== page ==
Emma Pearson’s project was based around the ADHD brain. “I disregarded the more stereotypical/surface level characteristics, and explored the less commonly known and spoken about symptoms,” the artist explains. “I specifically focussed on overstimulation. Often at school or in workplaces, people are required to suppress their ADHD characteristics and behaviours. However, in an art environment, they are celebrated and the differences are praised. I began this project looking to illustrate how unpleasant overstimulation can be. However, after monitoring how ADHD can have a positive impact, I adapted my project to show both sides.” Pearson’s final piece was an interactive installation, decorated to illustrate overstimulation, accompanied by an overwhelming soundscape.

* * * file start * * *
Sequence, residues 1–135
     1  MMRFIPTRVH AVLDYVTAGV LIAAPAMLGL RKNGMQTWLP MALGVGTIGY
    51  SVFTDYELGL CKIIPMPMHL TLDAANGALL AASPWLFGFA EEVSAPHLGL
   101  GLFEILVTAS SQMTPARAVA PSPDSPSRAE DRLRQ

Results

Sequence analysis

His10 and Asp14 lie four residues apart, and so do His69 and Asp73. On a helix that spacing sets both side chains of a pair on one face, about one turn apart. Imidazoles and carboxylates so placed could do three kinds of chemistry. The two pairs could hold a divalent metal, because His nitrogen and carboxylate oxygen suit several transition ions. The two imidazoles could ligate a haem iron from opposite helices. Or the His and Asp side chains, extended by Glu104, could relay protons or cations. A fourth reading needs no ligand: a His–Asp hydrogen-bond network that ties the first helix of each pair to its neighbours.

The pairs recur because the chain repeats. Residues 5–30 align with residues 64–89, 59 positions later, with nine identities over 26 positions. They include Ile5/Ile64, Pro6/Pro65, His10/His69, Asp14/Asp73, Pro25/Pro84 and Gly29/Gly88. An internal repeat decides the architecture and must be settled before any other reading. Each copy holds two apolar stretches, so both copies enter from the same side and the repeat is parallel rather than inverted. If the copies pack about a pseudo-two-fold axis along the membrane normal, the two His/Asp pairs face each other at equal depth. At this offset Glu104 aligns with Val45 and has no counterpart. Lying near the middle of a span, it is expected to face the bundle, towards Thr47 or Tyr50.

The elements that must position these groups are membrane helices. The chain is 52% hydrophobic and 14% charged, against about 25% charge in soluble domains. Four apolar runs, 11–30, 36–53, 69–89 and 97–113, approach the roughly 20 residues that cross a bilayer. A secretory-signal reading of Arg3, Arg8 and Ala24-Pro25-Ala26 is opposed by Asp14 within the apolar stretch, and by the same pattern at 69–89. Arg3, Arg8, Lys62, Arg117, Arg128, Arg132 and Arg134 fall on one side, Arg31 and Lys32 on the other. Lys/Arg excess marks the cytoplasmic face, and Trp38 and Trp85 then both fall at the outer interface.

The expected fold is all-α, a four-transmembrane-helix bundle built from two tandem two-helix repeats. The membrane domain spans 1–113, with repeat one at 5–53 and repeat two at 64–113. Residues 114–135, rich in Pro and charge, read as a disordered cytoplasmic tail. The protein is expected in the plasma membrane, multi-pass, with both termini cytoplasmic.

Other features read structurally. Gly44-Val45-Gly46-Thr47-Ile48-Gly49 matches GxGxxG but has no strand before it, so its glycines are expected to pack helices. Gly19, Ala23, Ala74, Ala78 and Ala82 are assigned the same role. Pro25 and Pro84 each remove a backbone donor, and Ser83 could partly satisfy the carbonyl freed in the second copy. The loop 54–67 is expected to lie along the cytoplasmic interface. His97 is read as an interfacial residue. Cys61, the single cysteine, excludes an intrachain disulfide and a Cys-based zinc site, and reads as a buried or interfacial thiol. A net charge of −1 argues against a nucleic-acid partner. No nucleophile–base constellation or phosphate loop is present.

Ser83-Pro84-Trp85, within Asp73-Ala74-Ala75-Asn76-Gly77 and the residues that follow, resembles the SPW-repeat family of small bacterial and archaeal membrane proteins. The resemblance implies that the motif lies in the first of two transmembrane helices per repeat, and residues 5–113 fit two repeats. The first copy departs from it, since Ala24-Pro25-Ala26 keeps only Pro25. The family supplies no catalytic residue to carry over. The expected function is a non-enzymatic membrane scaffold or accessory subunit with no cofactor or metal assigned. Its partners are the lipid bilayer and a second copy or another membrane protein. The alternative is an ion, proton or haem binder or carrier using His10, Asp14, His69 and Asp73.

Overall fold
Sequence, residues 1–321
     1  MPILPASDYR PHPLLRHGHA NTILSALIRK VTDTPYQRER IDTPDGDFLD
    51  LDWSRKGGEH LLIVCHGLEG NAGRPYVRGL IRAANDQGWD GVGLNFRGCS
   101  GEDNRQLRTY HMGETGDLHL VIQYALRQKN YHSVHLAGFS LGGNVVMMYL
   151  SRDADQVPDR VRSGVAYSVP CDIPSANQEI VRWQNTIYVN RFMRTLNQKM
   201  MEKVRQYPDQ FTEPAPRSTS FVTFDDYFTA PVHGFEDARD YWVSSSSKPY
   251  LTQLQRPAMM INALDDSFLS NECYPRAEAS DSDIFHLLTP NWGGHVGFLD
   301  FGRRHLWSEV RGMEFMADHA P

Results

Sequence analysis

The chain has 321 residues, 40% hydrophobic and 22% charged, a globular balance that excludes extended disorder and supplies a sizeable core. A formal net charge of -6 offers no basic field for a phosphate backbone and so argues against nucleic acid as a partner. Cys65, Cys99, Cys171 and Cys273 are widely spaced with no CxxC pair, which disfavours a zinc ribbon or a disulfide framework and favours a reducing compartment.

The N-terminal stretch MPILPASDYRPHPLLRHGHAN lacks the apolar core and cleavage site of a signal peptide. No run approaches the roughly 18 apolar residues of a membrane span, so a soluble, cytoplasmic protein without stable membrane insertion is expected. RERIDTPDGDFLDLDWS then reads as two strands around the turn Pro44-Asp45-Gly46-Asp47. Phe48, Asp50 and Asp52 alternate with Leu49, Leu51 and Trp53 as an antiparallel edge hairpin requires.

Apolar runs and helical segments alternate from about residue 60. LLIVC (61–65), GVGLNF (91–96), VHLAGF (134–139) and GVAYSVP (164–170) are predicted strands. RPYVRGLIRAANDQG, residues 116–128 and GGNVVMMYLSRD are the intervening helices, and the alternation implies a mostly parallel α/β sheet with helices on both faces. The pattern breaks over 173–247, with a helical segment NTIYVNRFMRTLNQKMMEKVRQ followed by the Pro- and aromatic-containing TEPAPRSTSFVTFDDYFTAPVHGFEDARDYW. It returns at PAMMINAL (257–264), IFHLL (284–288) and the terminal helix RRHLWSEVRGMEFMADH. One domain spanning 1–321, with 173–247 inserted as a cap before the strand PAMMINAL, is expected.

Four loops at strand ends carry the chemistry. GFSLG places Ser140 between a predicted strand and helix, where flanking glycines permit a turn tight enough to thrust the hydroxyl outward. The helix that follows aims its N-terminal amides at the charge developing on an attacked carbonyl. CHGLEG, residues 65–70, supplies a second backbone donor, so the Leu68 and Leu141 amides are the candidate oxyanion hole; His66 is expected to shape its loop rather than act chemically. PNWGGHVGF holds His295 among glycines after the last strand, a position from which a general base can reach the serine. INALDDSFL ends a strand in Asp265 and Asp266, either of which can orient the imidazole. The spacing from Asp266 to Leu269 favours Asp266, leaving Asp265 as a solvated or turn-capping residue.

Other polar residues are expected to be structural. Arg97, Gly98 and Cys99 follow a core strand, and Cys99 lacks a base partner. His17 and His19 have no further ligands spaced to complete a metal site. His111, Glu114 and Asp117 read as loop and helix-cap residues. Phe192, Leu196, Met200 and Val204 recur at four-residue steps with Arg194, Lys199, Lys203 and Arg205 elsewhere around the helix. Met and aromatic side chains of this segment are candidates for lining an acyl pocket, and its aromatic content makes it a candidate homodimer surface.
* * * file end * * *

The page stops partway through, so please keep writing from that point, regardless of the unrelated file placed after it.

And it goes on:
Lindsey Leverton’s reflects an appreciation of the UK’s natural diversity; research was collected from landscapes of personal resonance.
Niamh Warren’a final project is a sculpture, which centres on the human feelings of fear – conjuring alarm bells and the fight-or-flight instinct.